The heros guide to savin.., p.1
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       The Hero's Guide to Saving Your Kingdom, p.1

           Christopher Healy
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The Hero's Guide to Saving Your Kingdom


  Written by

  CHRISTOPHER HEALY

  With drawings by

  TODD HARRIS

  DEDICATION

  For Dashiell and Bryn, my heroes

  TABLE OF CONTENTS

  COVER

  TITLE PAGE

  DEDICATION

  MAP OF THE KINGDOMS

  PROLOGUE: Things You Don’t Know About Prince Charming

  1. Prince Charming Misplaces His Bride

  2. Prince Charming Defends Some Vegetables

  3. Prince Charming Claims He Is Not Afraid of Old Ladies

  4. Prince Charming Loses Some Fans

  5. Prince Charming Is the Worst Person in the World

  6. Prince Charming Has No Sense of Direction

  7. Prince Charming Has No Idea What’s Going On

  8. Prince Charming Is Afraid of the Dark

  9. Prince Charming Is a Wanted Man

  10. Prince Charming Annoys the King

  11. Prince Charming Takes a Dive

  12. Prince Charming Hugs Trees

  13. Prince Charming Is Completely Unnecessary

  14. Prince Charming Falls Flat

  15. Prince Charming Should Not Be Left Unsupervised

  16. Prince Charming Meets a Piece of Wood

  17. Prince Charming Still Has No Idea What’s Going On

  18. Prince Charming Gets Battered and Fried

  19. Prince Charming Needs a Bath

  20. Prince Charming Walks into a Bar

  21. Prince Charming Joins a Gang

  22. Prince Charming Is a Sneak

  23. Prince Charming Takes the Wrong Seat

  24. Prince Charming Hates Children

  25. Prince Charming Really Needs to Figure Out What’s Going On

  26. Prince Charming Gives Up

  27. Prince Charming Gets Good News and Bad News

  28. Prince Charming Is Doomed

  29. Prince Charming Does Exactly What He Said He’d Never Do

  30. Prince Charming Almost Saves the Day

  31. Prince Charming Gets Just What He Thinks He Wanted

  EPILOGUE: Prince Charming Goes Where Everybody Knows His Name

  ACKNOWLEDGMENTS

  ABOUT THE AUTHOR

  CREDITS

  COPYRIGHT

  ABOUT THE PUBLISHER

  MAP OF THE KINGDOMS

  PROLOGUE

  THINGS YOU DON’T KNOW ABOUT PRINCE CHARMING

  Prince Charming is afraid of old ladies. Didn’t know that, did you?

  Don’t worry. There’s a lot you don’t know about Prince Charming: Prince Charming has no idea how to use a sword; Prince Charming has no patience for dwarfs; Prince Charming has an irrational hatred of capes.

  Some of you may not even realize that there’s more than one Prince Charming. And that none of them are actually named Charming. No one is. Charming isn’t a name; it’s an adjective.

  But don’t blame yourself for your lack of Prince Charming–based knowledge; blame the lazy bards. You see, back in the day, bards and minstrels were the world’s only real source of news. It was they who bestowed fame upon people. They were the ones who sculpted any hero’s (or villain’s) reputation. Whenever something big happened—a damsel was rescued, a dragon was slain, a curse was broken—the royal bards would write a song about it, and their wandering minstrels would perform that tune from land to land, spreading the story across multiple kingdoms. But the bards weren’t keen on details. They didn’t think it was important to include the names of the heroes who did all that damsel rescuing, dragon slaying, and curse breaking. They just called all those guys “Prince Charming.”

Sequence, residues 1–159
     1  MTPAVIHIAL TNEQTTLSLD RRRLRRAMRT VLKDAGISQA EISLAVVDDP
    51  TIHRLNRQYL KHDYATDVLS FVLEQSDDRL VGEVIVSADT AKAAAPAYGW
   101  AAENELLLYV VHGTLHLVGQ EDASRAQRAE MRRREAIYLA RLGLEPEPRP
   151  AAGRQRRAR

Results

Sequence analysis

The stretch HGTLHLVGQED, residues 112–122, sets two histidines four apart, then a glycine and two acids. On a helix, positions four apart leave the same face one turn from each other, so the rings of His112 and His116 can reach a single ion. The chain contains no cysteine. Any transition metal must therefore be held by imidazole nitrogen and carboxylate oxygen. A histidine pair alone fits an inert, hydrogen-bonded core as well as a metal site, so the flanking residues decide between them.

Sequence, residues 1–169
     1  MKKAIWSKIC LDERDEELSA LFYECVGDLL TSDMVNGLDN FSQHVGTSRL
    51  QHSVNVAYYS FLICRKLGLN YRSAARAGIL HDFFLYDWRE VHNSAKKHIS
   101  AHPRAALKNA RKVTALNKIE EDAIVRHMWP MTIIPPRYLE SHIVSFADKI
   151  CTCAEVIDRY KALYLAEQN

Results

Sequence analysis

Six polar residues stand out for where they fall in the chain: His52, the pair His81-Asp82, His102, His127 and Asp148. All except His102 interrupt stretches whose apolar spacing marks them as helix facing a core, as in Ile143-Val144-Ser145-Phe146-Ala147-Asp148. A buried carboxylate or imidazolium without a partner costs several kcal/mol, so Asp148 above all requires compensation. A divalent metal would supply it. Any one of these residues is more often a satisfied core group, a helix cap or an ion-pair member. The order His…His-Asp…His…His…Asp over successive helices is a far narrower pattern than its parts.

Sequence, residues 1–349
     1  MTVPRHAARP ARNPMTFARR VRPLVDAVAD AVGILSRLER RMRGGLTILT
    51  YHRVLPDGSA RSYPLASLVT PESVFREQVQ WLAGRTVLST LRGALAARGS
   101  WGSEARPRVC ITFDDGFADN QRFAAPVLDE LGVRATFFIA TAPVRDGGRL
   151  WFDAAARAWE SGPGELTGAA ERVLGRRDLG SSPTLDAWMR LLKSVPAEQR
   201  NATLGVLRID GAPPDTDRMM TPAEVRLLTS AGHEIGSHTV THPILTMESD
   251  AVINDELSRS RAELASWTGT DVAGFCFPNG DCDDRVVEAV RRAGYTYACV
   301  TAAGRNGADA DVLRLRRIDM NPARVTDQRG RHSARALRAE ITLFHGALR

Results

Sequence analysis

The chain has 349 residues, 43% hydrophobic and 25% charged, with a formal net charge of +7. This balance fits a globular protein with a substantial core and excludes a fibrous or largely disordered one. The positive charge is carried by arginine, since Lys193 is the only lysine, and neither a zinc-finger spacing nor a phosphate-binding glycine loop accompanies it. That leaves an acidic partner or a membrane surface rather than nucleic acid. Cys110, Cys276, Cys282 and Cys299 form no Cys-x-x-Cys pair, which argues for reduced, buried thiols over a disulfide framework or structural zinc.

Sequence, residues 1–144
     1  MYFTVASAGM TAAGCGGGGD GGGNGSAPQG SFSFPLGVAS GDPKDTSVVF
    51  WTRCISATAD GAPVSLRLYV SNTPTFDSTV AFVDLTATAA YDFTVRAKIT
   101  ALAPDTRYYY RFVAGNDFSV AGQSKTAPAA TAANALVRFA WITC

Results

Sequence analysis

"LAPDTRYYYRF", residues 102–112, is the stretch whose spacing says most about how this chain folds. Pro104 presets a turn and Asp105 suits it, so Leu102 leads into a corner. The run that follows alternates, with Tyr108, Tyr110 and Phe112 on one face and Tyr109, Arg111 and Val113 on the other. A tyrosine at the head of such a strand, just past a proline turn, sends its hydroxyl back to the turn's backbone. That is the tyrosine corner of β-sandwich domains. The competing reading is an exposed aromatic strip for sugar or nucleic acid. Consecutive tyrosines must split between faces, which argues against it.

Fig. 1 Standard BARD

  It didn’t even matter to the bards whether the person in question was a truly daring hero (like Prince Liam, who battled his way past a bone-crushing, fire-blasting magical monster in order to free a princess from an enchanted sleeping spell) or some guy who merely happened to be in the right place at the right time (like Prince Duncan, who also woke a princess from a sleeping spell, but only because some dwarfs told him to). No, those bards gave a man the same generic name whether he nearly died (like Prince Gustav, who was thrown from a ninety-foot tower when he tried to rescue Rapunzel) or simply impressed a girl with his dancing skill (like Prince Frederic, who wowed Cinderella at a royal ball).

  If there was anything that Liam, Duncan, Gustav, and Frederic all had in common, it was that none of them were very happy about being a Prince Charming. Their mutual hatred of that name was a big part of what brought them together. Not that teaming up was necessarily the best idea for these guys.

  If we were to peek ahead to, say, Chapter 20, we would see our heroes in a small mountain town called Flargstagg, sitting in just about the worst tavern in all of creation: the Stumpy Boarhound. The Stumpy Boarhound is the kind of dank and miserable place where pirates and assassins play cards while plotting their next despicable crimes (which often involve robbing the tavern itself). It’s not the type of place where you would expect to find even one Prince Charming, let alone four. And yet, in Chapter 20, there they all are: Liam, bruised and soot-stained, with fish bones in his hair; Gustav, in charred and dented armor, massaging his bald, bright red scalp; Frederic, covered with enough dirt to make you think he’d just crawled out of a grave; and Duncan, with a big bump on his forehead, and wearing … is that a nightshirt? Oh, and there are about fifty armed thugs surrounding their table, all of whom seem eager to smash the princes into paste.

  Of course, by Chapter 20, you can’t fault the princes for looking like wrecks. They’re lucky to be alive after their run-ins with the witch, the giant, the bandits, the—well, you’ll see. Basically, the fact that they’re about to get into a major brawl is none too surprising, considering the kind of week these princes have just had. But we’re getting ahead of ourselves.

  Before we reach that turning-point night at the Stumpy Boarhound, we need to head back to the peaceful kingdom of Harmonia, where the whole adventure—or mess, depending on whom you ask—began. We have to go back to when Prince Frederic managed to lose Cinderella.